target area; moves from oral to written language; works!
with controlled and then somewhat more spontaneoUS!
language; and develops self-consciousness by the repeili
tion, the emphasis, and the markings. The short versiolT
of this program used in our schools proved to be remark,
ably effective in a period of weeks. Itresulted not only in
control of standard features but also in greater confii
dence in writing. While the success of such programs hal
been remarkable, the need to approach them with delib:
erate organization and care is imperative.
Pattern drill
Monday. Theteachergiveseachstudentalistoften StandardEnglish sentenceswith the targetarea underlined.
faultysentence,andstudents respond by sayingthesentenceemphasizingtheunderlinedstandardform.
Tuesday. Theteacherreads the samefaulty sentence, andthestudentsrespond usinganewsheetwith thetenl
StandardEnglishsentencesbutwithoutthe targetedareamarked.Again they respond by emphasizingtheareal
Wednesday. The students have no sheetbutrespond to the faulty sentence emphasiZingthe correct usage as;
theyhaveon thefirsttwodays.
Thursday. Thestudentshaveasheetwiththenonstandardfeatureunderlinedandareaskedtowritethesentence;
correctlyabovethe faultyone.
Friday. Onthefinalday, thestudentshavethesamesheetbutwith unmarkednonstandardsentences.Theywrite!
las a

) be


In the middle of the twentieth century, at about the time
that structural grammar was moving into classroom text-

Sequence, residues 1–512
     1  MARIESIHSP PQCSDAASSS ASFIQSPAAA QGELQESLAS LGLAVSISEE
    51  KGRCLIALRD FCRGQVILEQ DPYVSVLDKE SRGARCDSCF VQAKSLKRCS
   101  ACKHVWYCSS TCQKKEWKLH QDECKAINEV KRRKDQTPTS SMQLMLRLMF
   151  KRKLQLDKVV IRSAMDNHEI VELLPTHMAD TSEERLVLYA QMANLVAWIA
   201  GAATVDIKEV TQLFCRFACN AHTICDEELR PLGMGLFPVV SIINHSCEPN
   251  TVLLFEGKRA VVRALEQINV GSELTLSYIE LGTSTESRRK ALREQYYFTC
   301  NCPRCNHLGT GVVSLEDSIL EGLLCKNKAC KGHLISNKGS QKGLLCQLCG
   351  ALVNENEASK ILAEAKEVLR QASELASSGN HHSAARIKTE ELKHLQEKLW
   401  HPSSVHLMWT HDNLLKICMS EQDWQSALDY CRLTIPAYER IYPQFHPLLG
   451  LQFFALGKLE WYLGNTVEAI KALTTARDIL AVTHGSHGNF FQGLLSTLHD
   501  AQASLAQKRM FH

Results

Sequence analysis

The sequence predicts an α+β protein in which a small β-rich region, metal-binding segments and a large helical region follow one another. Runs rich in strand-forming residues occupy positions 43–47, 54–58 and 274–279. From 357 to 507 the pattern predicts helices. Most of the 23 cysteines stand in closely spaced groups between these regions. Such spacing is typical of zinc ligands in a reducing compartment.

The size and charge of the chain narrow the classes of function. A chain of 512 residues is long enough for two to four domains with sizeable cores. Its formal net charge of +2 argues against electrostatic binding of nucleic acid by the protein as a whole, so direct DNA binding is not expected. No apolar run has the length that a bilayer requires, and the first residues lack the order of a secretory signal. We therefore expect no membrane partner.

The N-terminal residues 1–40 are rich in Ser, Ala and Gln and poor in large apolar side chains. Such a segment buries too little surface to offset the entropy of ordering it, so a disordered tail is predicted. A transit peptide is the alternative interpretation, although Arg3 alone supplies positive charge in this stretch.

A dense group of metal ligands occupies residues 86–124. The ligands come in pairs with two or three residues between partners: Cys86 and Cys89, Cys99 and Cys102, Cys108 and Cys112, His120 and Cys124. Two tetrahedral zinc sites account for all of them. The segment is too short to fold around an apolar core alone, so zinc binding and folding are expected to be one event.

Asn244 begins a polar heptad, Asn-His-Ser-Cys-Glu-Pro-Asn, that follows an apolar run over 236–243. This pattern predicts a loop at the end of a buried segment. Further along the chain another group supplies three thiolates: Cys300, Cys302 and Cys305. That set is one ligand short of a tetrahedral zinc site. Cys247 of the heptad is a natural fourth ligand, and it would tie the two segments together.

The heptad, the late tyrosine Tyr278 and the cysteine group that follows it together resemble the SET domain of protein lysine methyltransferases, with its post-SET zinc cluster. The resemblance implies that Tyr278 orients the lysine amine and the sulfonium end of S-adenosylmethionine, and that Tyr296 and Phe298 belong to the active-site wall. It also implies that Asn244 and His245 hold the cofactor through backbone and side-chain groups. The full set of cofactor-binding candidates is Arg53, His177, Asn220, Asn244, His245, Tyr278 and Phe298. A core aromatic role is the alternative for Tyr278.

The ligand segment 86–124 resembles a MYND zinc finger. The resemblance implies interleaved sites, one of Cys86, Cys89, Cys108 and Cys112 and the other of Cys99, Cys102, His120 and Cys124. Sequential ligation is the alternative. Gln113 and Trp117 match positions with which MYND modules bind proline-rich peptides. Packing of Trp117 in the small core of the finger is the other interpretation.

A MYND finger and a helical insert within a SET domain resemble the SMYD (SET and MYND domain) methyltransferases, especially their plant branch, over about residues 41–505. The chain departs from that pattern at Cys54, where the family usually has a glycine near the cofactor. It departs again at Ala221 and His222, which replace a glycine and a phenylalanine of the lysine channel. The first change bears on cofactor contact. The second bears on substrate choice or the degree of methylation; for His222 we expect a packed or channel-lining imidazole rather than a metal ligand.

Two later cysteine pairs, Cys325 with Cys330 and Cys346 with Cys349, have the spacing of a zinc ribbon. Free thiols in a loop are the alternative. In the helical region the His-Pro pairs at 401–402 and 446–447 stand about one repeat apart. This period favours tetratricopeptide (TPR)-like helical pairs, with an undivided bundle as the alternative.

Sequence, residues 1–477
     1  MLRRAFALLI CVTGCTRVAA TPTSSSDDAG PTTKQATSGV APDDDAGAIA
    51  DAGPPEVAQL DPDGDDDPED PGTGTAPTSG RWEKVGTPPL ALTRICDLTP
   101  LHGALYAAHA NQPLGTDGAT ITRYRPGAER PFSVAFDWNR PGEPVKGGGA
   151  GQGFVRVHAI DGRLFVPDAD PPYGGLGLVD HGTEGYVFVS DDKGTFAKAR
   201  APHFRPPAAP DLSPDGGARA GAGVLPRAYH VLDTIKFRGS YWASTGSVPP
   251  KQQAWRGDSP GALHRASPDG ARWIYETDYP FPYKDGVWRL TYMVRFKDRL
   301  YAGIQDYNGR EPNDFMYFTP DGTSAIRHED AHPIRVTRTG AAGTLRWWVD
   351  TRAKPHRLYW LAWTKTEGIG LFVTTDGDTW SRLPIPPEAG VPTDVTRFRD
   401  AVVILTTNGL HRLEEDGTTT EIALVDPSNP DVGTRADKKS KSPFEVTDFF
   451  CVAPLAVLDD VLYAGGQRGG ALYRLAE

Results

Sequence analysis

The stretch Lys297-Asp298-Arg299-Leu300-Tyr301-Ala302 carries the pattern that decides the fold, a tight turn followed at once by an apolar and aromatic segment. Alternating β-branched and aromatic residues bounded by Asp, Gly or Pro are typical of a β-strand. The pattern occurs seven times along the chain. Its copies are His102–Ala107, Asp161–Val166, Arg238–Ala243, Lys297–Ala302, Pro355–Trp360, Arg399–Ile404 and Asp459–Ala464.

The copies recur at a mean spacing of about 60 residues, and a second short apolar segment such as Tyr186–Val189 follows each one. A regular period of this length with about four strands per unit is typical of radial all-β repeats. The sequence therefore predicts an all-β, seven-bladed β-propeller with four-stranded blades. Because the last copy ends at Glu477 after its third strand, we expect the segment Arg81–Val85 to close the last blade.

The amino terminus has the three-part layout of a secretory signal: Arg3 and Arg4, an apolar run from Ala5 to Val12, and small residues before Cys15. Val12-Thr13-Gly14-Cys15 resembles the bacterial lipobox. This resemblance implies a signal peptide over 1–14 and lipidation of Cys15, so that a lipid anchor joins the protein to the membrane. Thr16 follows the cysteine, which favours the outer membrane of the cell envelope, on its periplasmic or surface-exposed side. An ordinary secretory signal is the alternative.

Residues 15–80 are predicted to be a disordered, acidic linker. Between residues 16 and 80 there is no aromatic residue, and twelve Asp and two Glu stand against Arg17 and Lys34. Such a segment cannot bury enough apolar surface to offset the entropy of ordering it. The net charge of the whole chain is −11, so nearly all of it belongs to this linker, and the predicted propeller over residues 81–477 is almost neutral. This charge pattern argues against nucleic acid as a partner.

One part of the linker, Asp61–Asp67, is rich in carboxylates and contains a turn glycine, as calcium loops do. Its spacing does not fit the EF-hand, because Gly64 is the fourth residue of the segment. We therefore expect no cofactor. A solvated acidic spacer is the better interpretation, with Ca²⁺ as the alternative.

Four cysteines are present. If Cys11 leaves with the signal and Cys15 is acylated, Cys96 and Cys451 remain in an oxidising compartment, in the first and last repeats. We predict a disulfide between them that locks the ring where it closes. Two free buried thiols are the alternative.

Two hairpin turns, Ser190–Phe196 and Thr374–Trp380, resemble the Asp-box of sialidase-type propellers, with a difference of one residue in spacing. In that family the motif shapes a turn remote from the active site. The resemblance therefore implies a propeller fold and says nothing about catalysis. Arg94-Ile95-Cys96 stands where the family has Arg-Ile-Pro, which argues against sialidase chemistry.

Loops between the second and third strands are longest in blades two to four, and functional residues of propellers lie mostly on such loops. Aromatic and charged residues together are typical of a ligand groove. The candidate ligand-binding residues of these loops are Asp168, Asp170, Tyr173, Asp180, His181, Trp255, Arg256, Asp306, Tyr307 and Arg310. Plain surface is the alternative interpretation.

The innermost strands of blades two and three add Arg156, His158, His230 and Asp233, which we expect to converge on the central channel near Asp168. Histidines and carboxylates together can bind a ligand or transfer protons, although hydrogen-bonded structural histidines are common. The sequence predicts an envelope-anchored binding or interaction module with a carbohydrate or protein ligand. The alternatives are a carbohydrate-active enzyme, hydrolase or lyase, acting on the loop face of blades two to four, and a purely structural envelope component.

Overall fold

books, another system for understanding the English lan-
guage was developing. This system, known as generative
(or transformational) grammar, moved from describing
syntactic structures to understanding the deeper struc-
ture that produced them. By delineating the mental
processes underlying the transformation, which could
produce an infinite and varied number of sentences from
afew basic structures, grammarians sought to explain the
intricacies of language.
Noam Chomsky's (1957) Syntactic Structures gave the
most prominent description of the formal structures of
the English language as something we acquire or absorb
without training: All sentences originate as simple decla-
rations or"kernels,"which comprise the deep structure of
those sentences. The basic kernel is S-V-O: Rain (subject)
pelts (verb) sidewalks (object). Various transformations
of these kernels, through negatives, appositives, and pos-
sessives, for instance, produce more complex surface
structures. The basic task for generative or transforma-
tional grammar was to articulate the rules by which the
basic kernel sentences could be transformed into all the
possible sentences of English. Roberts (1956), for exam-
ple, in Patterns ofEnglish, distilled from the English lan-
guage a set of twenty basic sentences.
English teachers were faced with an uncomfortable
question: Which grammar should we teach, traditional or
generative? Many teachers and educators, reluctant to be
drawn into a grammarians' war, found much traditional
grammar clear and useful yet discerned possibilities for
writing instruction in generative grammar. Linguistic re-
search (Chomsky, 1968) suggested that students at a cer-
tain stage of maturity (about fifth grade) have acquired a